Solved

How do you trap the close button on an MDI child form?

Posted on 2008-06-20
2
812 Views
Last Modified: 2013-12-03
I have a custom use application I am developing, but I'm having a problem with some child forms.  I have one child form (an output console) that needs to be opened to see the debugging output.  I have no problem getting the form to open, minimize, etc.  but, I cannot keep it from releasing it's resources when you click the close (X) button.  I DO NOT want to disable the button.  What I have done is setup an event handler for when the form closes.  Instead of closing, it hides the window.   However, as soon as the window is hidden once, if you try to show (form.show() or form.visible = true;) it errors out and the application locks up.  The error message from VS08 is: System.ObjectDisposedException was unhandled.  The object that was unhandled is the form I want to show.  I'm guessing what is happening is it is getting disposed before the code comes in from my event handler (e.cancel():)  So, I'm guessing my only option is to somehow trap the close button and never initiate a close to being with.  If I could force it to only hide, that should be perfect.  I've searched for days on end and cannot find any solutions other than disabling the close button (again, CAN NOT do this) or handling the closing event like I'm already doing.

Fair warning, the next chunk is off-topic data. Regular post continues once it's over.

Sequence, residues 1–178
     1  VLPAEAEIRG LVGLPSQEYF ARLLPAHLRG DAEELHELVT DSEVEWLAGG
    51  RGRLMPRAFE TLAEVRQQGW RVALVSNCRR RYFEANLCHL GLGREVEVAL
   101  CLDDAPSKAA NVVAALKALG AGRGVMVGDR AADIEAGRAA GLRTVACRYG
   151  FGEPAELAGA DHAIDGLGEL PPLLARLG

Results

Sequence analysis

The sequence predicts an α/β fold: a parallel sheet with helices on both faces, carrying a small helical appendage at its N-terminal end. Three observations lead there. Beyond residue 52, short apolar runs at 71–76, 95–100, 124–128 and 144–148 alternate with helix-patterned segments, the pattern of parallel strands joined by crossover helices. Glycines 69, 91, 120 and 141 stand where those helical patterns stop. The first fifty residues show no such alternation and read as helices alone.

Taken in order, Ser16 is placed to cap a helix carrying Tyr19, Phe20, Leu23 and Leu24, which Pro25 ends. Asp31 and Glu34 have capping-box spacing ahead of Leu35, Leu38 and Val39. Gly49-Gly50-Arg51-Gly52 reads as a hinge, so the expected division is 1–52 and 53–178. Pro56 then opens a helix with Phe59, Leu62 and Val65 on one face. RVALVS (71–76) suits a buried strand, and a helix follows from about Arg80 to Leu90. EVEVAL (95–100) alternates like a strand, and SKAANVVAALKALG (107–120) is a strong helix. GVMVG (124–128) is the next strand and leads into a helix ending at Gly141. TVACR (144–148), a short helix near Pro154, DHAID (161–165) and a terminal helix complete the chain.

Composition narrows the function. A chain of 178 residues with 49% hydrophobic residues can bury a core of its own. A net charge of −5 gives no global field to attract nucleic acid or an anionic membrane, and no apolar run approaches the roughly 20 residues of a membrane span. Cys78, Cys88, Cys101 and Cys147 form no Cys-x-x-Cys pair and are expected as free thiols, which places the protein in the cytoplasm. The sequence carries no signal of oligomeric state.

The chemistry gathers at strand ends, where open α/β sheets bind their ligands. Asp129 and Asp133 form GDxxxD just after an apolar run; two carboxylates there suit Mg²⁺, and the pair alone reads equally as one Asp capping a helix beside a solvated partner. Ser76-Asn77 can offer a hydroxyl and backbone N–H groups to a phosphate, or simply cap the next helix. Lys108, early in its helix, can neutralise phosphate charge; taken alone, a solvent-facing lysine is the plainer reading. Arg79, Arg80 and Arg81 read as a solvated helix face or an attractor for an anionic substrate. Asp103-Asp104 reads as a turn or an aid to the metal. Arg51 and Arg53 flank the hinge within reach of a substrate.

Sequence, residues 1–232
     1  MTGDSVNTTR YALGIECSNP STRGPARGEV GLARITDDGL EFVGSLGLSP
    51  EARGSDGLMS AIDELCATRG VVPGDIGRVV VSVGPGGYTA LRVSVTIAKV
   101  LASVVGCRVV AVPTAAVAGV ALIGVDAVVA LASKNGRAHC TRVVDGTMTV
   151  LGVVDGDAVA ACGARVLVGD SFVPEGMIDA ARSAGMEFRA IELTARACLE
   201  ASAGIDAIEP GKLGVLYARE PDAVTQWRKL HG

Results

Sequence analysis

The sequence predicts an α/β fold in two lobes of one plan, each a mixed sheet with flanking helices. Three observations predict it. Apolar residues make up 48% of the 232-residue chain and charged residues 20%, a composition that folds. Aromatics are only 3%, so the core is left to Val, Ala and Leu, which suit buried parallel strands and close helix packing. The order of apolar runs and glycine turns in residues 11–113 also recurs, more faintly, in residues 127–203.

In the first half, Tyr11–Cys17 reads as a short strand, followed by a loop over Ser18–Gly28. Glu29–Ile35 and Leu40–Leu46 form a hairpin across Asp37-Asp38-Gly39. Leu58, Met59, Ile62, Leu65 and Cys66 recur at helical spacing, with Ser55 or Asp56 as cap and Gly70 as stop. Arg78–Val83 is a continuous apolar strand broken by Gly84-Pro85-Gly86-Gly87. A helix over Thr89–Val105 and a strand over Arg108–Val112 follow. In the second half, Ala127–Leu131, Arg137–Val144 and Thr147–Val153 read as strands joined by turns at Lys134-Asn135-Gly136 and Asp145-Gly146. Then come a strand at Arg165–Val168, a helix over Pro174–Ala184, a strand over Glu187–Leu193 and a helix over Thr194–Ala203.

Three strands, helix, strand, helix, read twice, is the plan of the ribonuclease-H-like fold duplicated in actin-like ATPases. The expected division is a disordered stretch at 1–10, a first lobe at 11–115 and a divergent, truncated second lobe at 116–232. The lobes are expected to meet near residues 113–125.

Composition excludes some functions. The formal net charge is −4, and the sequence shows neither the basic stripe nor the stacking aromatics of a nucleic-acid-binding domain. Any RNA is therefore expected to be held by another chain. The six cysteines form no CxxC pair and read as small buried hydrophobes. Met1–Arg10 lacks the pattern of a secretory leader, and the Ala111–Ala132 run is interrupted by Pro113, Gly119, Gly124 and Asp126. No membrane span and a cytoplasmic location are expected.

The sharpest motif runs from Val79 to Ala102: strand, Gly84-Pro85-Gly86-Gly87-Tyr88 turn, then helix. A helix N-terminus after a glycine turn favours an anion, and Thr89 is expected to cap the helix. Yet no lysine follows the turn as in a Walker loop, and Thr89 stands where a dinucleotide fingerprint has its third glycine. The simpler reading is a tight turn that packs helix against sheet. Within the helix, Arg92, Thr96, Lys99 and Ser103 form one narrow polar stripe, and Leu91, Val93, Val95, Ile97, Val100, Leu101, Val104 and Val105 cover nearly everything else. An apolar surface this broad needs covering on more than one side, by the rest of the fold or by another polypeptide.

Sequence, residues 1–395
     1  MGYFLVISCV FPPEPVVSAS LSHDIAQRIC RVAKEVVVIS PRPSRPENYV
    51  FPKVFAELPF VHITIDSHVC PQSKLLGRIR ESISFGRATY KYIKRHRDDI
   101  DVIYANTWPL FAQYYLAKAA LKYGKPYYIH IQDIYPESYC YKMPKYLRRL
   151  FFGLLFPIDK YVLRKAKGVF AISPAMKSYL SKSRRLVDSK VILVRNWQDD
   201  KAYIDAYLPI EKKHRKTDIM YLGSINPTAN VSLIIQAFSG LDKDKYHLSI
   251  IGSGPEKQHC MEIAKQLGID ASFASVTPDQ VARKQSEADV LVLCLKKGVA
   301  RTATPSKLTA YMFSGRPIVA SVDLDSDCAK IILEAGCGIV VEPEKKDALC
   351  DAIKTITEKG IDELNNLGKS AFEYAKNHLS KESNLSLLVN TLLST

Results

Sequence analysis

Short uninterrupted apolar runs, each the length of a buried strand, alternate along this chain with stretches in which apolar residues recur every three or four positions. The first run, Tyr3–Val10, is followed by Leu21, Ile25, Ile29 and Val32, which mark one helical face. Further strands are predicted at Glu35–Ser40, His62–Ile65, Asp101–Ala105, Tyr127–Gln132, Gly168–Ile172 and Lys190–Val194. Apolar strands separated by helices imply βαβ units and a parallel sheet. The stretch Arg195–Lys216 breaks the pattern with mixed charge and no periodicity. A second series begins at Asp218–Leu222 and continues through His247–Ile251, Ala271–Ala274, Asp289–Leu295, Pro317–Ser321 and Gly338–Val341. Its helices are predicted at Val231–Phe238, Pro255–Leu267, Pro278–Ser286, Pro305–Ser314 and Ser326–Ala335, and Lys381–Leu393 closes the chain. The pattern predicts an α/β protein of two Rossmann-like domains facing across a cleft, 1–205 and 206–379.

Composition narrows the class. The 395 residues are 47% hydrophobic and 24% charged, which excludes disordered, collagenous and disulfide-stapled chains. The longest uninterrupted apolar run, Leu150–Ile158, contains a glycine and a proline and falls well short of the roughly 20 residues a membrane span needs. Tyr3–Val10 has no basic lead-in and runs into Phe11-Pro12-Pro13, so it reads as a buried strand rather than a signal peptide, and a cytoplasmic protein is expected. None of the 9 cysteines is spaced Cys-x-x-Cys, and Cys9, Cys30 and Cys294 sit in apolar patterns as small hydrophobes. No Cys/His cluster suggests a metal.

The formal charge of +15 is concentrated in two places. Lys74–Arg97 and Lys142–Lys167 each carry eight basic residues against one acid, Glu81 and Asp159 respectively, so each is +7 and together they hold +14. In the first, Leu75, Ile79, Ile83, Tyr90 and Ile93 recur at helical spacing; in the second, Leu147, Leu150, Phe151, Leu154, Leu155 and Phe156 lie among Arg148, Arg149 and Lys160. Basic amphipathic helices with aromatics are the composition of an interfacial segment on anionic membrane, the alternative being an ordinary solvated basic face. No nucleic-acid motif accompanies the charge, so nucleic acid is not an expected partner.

Below is the code for my event hanlder:

private void consoleForm_FormClosing(object sender, FormClosingEventArgs e)

        {

                e.Cancel = true;

                this.Hide();

        }

Open in new window

0
Comment
Question by:Journer
2 Comments
 
LVL 6

Accepted Solution

by:
Bruce_1975 earned 125 total points
Comment Utility
You have to override the event handler ;o)

Regards,
Bruce
protected override void OnClosing(CancelEventArgs e)

{

    e.Cancel = true;

    this.Hide();

}

Open in new window

0
 
LVL 2

Author Comment

by:Journer
Comment Utility
you rock!
0

Featured Post

What Is Threat Intelligence?

Threat intelligence is often discussed, but rarely understood. Starting with a precise definition, along with clear business goals, is essential.

Join & Write a Comment

Today I had a very interesting conundrum that had to get solved quickly. Needless to say, it wasn't resolved quickly because when we needed it we were very rushed, but as soon as the conference call was over and I took a step back I saw the correct …
Whether you've completed a degree in computer sciences or you're a self-taught programmer, writing your first lines of code in the real world is always a challenge. Here are some of the most common pitfalls for new programmers.
This is Part 3 in a 3-part series on Experts Exchange to discuss error handling in VBA code written for Excel. Part 1 of this series discussed basic error handling code using VBA. http://www.experts-exchange.com/videos/1478/Excel-Error-Handlin…
Get a first impression of how PRTG looks and learn how it works.   This video is a short introduction to PRTG, as an initial overview or as a quick start for new PRTG users.

762 members asked questions and received personalized solutions in the past 7 days.

Join the community of 500,000 technology professionals and ask your questions.

Join & Ask a Question

Need Help in Real-Time?

Connect with top rated Experts

6 Experts available now in Live!

Get 1:1 Help Now